A sale of immovable property or land (“property”) and the transfer process involved can be so stressful and the last thing you want is to realize that you have lost or destroyed your original title deed because not being in possession of your original title deed can prolong the transfer process. However, do not fret because a certified copy of the lost or destroyed title deed may be issued by the Registrar of deeds upon application by the owner of the property or duly authorized agent.
The Deeds Registries Act 47 of 1937 (“the Act”) provides that the original title deed must be lodged, except in certain instances, for the purposes of various transactions including transfer of ownership of property – (vide provisions of sub-regulation 51(2) of the Act).
What is a “title deed”? One may ask. A title deed in layman’s terms is a document executed by a duly authorized Conveyancer and attested by the Registrar of Deeds, this document serves as irrefutable proof of ownership of property in South Africa. When the owner of a property wishes to transfer ownership of the property to the buyer or purchaser (Transferee), this document is essential and must be lodged together with other prescribed documents, and if it is not lodged, the Registrar of deeds will reject the documents lodged.
Regulation 68 of the Act provides the procedure to be followed where one has lost or destroyed a title deed. Before the amendments to this regulation, Regulation 68 used to provide that where a property owner has lost or destroyed their title deed, an application, an affidavit could be lodged with the Registrar of deeds wherein the owner would state that; the title deed has been lost; the title has not been detained by anyone as security for a debt or otherwise; the title deed cannot be found despite due diligent search; and the circumstances under which it was lost or destroyed if known by the owner.
If there was a mortgage bond registered over the property, the mortgagee (normally the Bank) would sign a consent document stating that they were not in possession of the original titled deed and consented to the issuing of a certified copy of the lost title deed (this is still applicable – vide the second proviso of sub-regulation 68(2)). This was a quick and lesser stringent procedure.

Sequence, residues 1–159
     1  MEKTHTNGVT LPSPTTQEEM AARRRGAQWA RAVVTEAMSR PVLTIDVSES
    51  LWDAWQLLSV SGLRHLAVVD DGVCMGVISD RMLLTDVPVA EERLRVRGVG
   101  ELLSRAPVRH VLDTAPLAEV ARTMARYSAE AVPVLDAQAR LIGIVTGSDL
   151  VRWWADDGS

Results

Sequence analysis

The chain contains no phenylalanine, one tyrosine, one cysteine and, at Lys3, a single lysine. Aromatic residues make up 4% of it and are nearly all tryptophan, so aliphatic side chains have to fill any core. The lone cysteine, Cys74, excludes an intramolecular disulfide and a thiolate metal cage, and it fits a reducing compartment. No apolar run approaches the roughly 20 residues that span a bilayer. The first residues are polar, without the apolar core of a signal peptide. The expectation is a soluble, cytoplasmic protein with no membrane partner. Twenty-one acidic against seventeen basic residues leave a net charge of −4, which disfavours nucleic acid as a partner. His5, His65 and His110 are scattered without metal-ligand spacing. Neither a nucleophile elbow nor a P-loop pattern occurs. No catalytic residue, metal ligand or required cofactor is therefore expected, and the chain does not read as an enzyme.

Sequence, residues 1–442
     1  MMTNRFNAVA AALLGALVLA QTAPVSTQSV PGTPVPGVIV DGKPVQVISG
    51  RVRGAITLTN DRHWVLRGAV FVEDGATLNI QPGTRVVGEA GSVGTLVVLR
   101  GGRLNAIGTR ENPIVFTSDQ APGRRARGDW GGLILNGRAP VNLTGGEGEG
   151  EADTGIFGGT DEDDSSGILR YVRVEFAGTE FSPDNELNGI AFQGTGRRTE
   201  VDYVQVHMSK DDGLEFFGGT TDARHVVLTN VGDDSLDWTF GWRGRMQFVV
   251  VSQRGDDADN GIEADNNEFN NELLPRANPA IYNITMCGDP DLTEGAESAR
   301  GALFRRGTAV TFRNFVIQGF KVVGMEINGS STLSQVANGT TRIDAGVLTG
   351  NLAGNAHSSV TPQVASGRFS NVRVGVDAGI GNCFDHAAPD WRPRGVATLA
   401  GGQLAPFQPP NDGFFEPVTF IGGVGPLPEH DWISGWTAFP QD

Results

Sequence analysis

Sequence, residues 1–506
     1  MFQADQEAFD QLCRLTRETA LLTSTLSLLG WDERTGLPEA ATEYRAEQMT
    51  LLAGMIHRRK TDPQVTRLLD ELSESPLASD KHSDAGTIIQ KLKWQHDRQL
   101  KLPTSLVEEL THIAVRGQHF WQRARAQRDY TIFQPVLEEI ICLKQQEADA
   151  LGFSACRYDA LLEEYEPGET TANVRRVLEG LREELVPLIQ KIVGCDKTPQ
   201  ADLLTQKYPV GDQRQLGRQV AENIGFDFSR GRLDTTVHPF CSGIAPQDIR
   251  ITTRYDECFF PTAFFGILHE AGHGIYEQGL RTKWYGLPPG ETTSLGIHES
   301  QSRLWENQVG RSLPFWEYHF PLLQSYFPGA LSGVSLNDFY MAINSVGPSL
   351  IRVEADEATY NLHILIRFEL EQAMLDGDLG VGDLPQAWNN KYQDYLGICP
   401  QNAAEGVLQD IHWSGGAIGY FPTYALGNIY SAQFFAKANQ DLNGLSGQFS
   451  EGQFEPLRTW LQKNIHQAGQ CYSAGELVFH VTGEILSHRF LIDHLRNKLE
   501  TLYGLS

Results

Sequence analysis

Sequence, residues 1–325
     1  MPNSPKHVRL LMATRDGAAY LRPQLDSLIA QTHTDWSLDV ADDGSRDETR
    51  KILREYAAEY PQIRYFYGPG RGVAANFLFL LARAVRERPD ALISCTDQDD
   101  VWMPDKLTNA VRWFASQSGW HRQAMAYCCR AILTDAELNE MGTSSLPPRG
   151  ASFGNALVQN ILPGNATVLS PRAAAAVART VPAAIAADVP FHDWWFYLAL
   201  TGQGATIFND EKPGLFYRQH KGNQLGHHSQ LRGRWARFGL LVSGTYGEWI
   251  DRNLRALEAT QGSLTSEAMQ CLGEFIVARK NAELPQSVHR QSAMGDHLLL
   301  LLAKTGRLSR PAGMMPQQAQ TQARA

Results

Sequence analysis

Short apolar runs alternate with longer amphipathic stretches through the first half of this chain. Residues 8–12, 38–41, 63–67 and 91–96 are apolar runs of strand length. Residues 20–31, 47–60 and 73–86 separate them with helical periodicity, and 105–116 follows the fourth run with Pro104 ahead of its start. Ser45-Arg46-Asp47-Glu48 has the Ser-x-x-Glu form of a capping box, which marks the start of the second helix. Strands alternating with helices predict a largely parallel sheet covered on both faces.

However, as mentioned in the preceding paragraphs, Regulation 68 has been amended by the department of rural development and land reform. The amendments were published on government gazette No. 42813 dated 1 November 2019, and have been applicable in the Conveyancing practice from 02 January 2020.
The nature and impact of the amendments:
The provisions of Regulation 68 provides now that if the Registrar of deeds is satisfied that any deeds mentioned therein, namely sub-regulation 68(1), have been inadvertently lost, destroyed, defaced, or damaged by him or her, it shall, notwithstanding the second proviso of sub-regulation 68(2), be competent for him or her to issue a copy thereof free of charge without compliance with sub-regulation 68(1E) (a) – it will thus not be necessary for the bondholder to consent to the issuing of the certified copy of the lost title deed and to advertise in newspapers a notice of intention to apply for such copies in these instances.
Sub-regulation 68(1) (E) (a) of the Act provides that a certified copy of lost title deed referred to in sub-regulation 68(1) may not be issued unless the owner has published, substantially in the prescribed form, a notice of intention to apply for the issuing of such a copy in an issue of a newspaper circulating in the area in which the land is situated. The implications of this provision are that in addition to the Application and Affidavit contemplated in sub-regulation 68 (1), proof of publication of the prescribed notice must be submitted.
In terms of paragraph (b) of sub-regulation (1E), copies of deeds referred to in paragraph (a) shall be open for inspection in the deeds registry free of charge by any interested person, for a period of two weeks after the date of publication of the notice, during which period any person interested may object to the issue of a certified copy. As a result of these amendments, an application for a certified copy of the title may not be lodged within two weeks from the date of publication of the notice.
In conclusion and in light of the fact that the procedure to apply for a certified copy of a lost title deed has been made more stringent and prolonged, property owners who are in the process of selling their properties must ensure that they are in possession of their original title deed. If the title deed has been lost or destroyed, property owners shall immediately contact a Conveyancer for assistance with publication of the notice of intention to apply for a copy of the lost title deed to avoid any delays in the transfer process.
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By Ndivho Netsianda